Today was the last day of ATE, but rather than stay through the end, my little group took off to explore the city of Adelaide—one of the first major cities in Australia that was not founded by or for convicts, but by and for free immigrants. (And, for the record, fear not—I’ll have plenty more from ATE for you soon, but it’s nice to take a break from the trade show floor, don’t you think?)
We met up with Chris Smyth of Tourabout Adelaide for a whirlwind tour of the city. Our first stop, bright and early, was Haigh’s Chocolates, one of Australia’s most popular high-end chocolatiers for nearly a century. (The founder’s son, who helped make the company the success it is, was educated at the Lindt factory in Switzerland.) We watched workers making truffles, learned about the entire process of creating the confection, and sampled some of the merchandise. (The last part was probably the best.)
From there, we toured the Jam Factory, which is not, as the name might suggest, a jam factory, but rather a studio for designing and creating visual art—from ceramics to glass to jewelry. We watched one artist create a bowl from a lump of clay, and another turn some delicate glass into a gorgeous crystal swan. The Factory doubles as a school, and the artwork created by its residents is available for purchase.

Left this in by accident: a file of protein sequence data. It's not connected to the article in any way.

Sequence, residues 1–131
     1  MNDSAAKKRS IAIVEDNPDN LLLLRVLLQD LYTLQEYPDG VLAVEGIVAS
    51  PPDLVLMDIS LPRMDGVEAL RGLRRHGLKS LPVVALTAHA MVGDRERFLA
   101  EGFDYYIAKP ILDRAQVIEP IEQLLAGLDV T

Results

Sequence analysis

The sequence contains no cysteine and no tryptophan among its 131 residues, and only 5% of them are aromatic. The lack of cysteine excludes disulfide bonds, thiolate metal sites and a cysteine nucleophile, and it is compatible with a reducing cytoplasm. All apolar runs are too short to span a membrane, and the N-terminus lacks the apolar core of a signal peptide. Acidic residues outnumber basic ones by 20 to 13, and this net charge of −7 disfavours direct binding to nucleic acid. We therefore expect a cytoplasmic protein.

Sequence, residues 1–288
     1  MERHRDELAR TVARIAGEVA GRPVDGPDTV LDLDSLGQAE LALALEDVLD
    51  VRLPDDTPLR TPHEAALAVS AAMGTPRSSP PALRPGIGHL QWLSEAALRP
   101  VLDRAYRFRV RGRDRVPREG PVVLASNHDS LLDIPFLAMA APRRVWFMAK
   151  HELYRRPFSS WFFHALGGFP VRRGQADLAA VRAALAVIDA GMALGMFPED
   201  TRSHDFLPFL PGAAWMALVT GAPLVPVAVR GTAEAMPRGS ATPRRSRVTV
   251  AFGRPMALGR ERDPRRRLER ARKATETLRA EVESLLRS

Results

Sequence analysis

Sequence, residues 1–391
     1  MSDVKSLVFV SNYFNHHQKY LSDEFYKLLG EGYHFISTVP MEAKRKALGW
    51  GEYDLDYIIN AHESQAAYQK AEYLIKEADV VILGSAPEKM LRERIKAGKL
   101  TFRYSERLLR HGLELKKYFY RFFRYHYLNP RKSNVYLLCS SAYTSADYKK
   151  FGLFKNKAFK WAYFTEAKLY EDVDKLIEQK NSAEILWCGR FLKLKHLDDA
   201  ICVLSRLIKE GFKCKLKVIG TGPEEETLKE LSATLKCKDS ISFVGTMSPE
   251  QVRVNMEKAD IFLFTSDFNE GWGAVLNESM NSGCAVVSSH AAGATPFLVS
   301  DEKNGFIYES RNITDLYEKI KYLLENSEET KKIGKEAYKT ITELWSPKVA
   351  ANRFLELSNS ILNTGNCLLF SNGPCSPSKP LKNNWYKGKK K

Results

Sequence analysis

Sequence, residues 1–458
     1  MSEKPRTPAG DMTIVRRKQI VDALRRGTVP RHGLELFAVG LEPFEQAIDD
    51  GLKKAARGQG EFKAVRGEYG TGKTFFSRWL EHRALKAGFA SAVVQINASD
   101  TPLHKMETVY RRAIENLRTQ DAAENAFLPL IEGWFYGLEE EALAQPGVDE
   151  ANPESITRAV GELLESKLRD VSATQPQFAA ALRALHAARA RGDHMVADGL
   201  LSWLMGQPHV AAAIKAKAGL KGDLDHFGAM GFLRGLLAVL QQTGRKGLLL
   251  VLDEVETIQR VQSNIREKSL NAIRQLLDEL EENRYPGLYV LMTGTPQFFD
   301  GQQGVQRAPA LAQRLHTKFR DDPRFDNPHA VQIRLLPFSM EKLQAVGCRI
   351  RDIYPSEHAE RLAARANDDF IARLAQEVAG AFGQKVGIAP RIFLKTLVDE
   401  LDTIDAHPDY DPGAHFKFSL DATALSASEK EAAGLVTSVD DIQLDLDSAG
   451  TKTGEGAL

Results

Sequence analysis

Before Stendhal syndrome could get us (we could have watched the artists at work for hours), we headed to the Holdfast Shores Marina for a quick ride with Temptation Sailing, which guarantees dolphin views in the harbor. We didn’t have the normal multiple-hour trip most passengers would get, but we did, indeed, see a dolphin swimming in front of the boat, and another playing closer to the marina on the way back.
After a tasty lunch of dim sum at Ding Hao Restaurant in Adelaide’s Chinatown, we met up with Mark Gleeson for a tour of Adelaide Central Markets, an indoor three-acre farmers market that has become a local institution. The stands offer an amazing variety of food (a Khazakstani meat-filled donut? Why not?) and plenty of organic options (the proprietors can—and will—tell you all about the farms where the food for sale comes from). Mark organized tastings at several of the stands, and we got to sample local brie (amazingly creamy), chocolates (decadent), salamis (too spicy even for me) and oysters (I heard they were great; not a big fan of mollusks, myself). Mark also got us a tour of the back of a butcher shop, which was very educational but probably not something squeamish people would really enjoy.
For the evening, we’re staying at the Rendezvous Allegra in the city’s business district—it’s a cool, modern kind of place, with windows in the bottom of the pool that look down onto the entranceway. (I’m really sad I won’t have a chance to try that pool.) Tomorrow: More touring of Adelaide, and then off to Melbourne to start the long journey home!